BHP Teacher, Washington, U.S.A.
One of the challenges of teaching Big History, as with all social studies and science subjects, is how we as teachers introduce students to new research and current controversies. Although this may be hard work, it’s an invaluable tool in helping students see the relevance of the course. But what’s the best way to integrate a current issue into BHPs concepts and framework?
The recent discovery of Homo naledi offered a great opportunity to practice fitting a contemporary issue into the BHP curriculum at the same time that we emphasize the course’s relevance to today’s world. We’re in Unit 6 and studying the development of humans, but what angle should we take in introducing Homo naledi? One approach is to center on the often-neglected claim testers.
When introducing a news story like the recent Homo naledi discovery, it’s important to have a reliable, accessible article or source for the kids to analyze. I built my activity around National Geographic’s summary of the discovery of Homo naledi. A bonus to using this article is that it provides an opportunity to discuss the validity of the source, as it was National Geographic that sponsored Berger, who plays an important role in the discovery.
On the lesson’s first day, I introduced the article to the kids, using the “What do you know? What do you ask?” activity. I showed the image of the cave taken from the website (see below) and asked the students: “Who would you bring with you on this expedition and what questions would you ask?” Students should have some knowledge of the different disciplines by this unit, but to help those struggling, I included a list of professions and disciplines that they could choose from. Students enjoyed competing with each other to put together the best team for the expedition and I gave away a Big History Project poster and notebook to the winning team.
Some students who presented were also keen to try out the cave tunnel for themselves so we re-created the 10-inch gap of Superman’s Crawl. Students had fun trying to get through it.
The student responses were varied and creative. For their experts, students included everyone from anthropologists to speleologists to journalists. I encouraged students who were struggling to do some backward planning, suggesting that they think about the questions they would ask once they got to the cave, and then think about who would be best able to answer them.
The second day’s lesson was spent looking at the links between this discovery and the Big History narrative. The driving questions for this activity were:
- Homo naledi: is this the “missing link” in our evolutionary story?
- What claim testers can we use to answer this question?
- How much evidence was taken from the cave system?
- Why was this a race against time?
- Why was access difficult?
- How did the fossils get there and why is this significant?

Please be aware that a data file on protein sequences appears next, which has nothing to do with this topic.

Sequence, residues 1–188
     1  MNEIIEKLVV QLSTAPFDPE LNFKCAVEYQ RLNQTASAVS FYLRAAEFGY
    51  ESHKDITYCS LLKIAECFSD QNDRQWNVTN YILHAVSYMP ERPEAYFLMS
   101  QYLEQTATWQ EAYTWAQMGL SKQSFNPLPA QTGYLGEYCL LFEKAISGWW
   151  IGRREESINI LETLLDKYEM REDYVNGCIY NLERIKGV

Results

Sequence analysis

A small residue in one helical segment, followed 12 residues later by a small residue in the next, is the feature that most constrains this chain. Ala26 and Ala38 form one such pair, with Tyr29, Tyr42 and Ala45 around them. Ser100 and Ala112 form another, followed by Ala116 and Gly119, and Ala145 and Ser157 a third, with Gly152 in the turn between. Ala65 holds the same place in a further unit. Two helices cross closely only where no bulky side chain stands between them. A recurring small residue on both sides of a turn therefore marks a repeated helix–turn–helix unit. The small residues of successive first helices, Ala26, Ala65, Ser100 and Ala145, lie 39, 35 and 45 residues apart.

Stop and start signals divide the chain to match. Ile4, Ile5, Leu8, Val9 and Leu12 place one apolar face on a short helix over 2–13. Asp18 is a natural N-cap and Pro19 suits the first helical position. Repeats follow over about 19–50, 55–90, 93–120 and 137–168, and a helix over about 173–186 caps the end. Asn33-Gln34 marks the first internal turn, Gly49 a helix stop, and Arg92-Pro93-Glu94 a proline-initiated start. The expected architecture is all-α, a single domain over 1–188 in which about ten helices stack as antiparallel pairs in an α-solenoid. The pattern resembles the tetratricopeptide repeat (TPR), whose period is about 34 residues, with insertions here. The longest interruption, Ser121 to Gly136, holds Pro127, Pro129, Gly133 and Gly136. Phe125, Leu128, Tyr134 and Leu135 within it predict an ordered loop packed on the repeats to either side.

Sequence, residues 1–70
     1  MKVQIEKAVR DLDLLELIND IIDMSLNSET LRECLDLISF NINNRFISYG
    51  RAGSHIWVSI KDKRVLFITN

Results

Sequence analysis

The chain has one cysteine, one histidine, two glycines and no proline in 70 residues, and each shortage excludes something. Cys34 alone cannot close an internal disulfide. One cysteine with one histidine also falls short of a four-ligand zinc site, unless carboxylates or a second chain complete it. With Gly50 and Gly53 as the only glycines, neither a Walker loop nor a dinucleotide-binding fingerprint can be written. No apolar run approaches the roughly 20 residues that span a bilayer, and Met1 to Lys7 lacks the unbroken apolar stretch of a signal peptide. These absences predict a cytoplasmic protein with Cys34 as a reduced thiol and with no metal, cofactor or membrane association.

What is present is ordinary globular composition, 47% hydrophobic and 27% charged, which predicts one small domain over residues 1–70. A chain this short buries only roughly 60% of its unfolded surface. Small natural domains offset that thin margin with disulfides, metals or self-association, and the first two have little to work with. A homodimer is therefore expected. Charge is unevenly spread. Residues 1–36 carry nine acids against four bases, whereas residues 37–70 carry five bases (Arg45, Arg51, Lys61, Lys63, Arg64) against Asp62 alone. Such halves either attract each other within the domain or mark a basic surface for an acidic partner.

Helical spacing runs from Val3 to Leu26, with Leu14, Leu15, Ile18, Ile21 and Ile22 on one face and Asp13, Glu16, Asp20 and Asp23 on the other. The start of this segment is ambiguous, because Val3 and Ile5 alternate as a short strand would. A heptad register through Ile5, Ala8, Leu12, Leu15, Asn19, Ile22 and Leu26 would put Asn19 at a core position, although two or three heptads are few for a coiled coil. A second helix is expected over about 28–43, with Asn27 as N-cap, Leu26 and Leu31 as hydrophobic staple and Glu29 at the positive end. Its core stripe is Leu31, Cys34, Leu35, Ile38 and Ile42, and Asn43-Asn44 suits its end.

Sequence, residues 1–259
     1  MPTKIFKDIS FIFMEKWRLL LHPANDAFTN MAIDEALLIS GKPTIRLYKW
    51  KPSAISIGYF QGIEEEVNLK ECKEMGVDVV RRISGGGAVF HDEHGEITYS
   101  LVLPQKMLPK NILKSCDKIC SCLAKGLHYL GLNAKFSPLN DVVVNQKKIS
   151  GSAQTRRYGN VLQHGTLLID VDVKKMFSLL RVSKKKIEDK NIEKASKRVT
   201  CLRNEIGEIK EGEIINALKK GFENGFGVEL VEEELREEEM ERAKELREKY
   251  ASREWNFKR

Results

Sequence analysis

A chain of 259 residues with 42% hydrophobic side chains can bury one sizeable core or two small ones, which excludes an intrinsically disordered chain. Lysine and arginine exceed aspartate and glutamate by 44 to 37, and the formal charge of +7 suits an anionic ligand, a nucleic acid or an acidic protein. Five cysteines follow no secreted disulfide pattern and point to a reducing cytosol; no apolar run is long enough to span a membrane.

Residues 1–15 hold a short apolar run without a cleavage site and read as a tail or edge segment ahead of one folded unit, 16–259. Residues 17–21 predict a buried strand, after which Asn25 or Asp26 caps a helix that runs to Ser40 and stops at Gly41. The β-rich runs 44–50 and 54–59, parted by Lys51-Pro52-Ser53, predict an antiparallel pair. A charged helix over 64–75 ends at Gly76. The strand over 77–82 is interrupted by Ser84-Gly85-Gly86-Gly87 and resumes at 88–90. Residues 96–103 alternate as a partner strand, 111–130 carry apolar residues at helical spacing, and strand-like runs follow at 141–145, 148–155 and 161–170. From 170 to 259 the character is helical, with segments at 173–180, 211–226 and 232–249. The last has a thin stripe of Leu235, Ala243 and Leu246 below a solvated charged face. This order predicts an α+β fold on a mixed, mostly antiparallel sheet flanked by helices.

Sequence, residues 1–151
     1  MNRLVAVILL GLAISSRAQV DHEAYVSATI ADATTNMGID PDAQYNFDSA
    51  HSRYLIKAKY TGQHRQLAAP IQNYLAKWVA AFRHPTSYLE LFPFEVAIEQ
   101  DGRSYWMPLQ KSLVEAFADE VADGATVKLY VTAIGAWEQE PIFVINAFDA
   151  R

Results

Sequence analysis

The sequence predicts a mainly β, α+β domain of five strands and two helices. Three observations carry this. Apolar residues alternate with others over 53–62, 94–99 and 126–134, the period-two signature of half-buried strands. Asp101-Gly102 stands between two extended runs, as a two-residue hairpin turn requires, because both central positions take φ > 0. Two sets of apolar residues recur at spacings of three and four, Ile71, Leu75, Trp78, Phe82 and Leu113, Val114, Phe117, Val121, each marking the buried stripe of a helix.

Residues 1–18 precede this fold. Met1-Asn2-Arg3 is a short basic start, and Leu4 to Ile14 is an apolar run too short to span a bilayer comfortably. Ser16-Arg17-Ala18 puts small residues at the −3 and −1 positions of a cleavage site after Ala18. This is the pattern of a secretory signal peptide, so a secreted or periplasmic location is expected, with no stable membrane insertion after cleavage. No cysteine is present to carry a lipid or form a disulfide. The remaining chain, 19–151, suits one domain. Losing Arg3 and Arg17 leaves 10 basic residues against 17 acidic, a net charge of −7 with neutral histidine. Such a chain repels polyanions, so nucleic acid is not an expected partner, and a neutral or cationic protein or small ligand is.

I divided students into groups and had them look for specific content within the National Geographic piece and other relevant articles I had found. I gave each group a set of questions to answer when looking at their assigned content. Students used a graphic organizer to record their answers. When they were finished, the groups presented their ideas to the rest of the class.
Next, I asked students to complete a report for the 2016 Paleoanthropological Conference, focusing on whether Homo naledi is the missing link and if not, suggesting where it fits in our evolutionary story. Students worked in groups to complete either a two-page magazine/journal style report or an infographic that answered a series of key questions built around the claim testers. I provided a rubric that placed an emphasis on their application of the claim testers. Some students were confused by what was meant by the term missing link, so we discussed this using the Big History timeline I had annotated (see image below). Students had to produce their own timeline as part of their report.
In their presentations and papers, students provided some reflective and analytical responses. For example, one group took the “braided stream” interpretation of evolution to argue that Homo naledi was a modern cousin of Homo sapiens who became extinct because of their small brain size.
All groups were comfortable using evidence to prove their arguments, but less secure in using the other claim testers. For a quick review, we took another look at the How Do We Decide What to Believe? video, Bob Bain’s introduction to claim testers in Unit 2. Many then understood how Berger’s discovery had challenged the existing authority of East African evolution. The job of placing Homo naledi on the evolutionary timeline gave students an appreciation of the scale of our recent evolution, forcing them to see how our recent evolution fits on the Big History timeline.
This “Ways of Knowing” activity really engaged the students and I encourage you to try using it in other scenarios. Perhaps the discovery of a life on an exoplanet (Units 4 and 5), or a new civilization (Unit 7).This activity was also a great way of exposing students to the multidisciplinary nature of Big History. Who knows? Maybe one of my students will aspire to be the next great paleoanthropologist!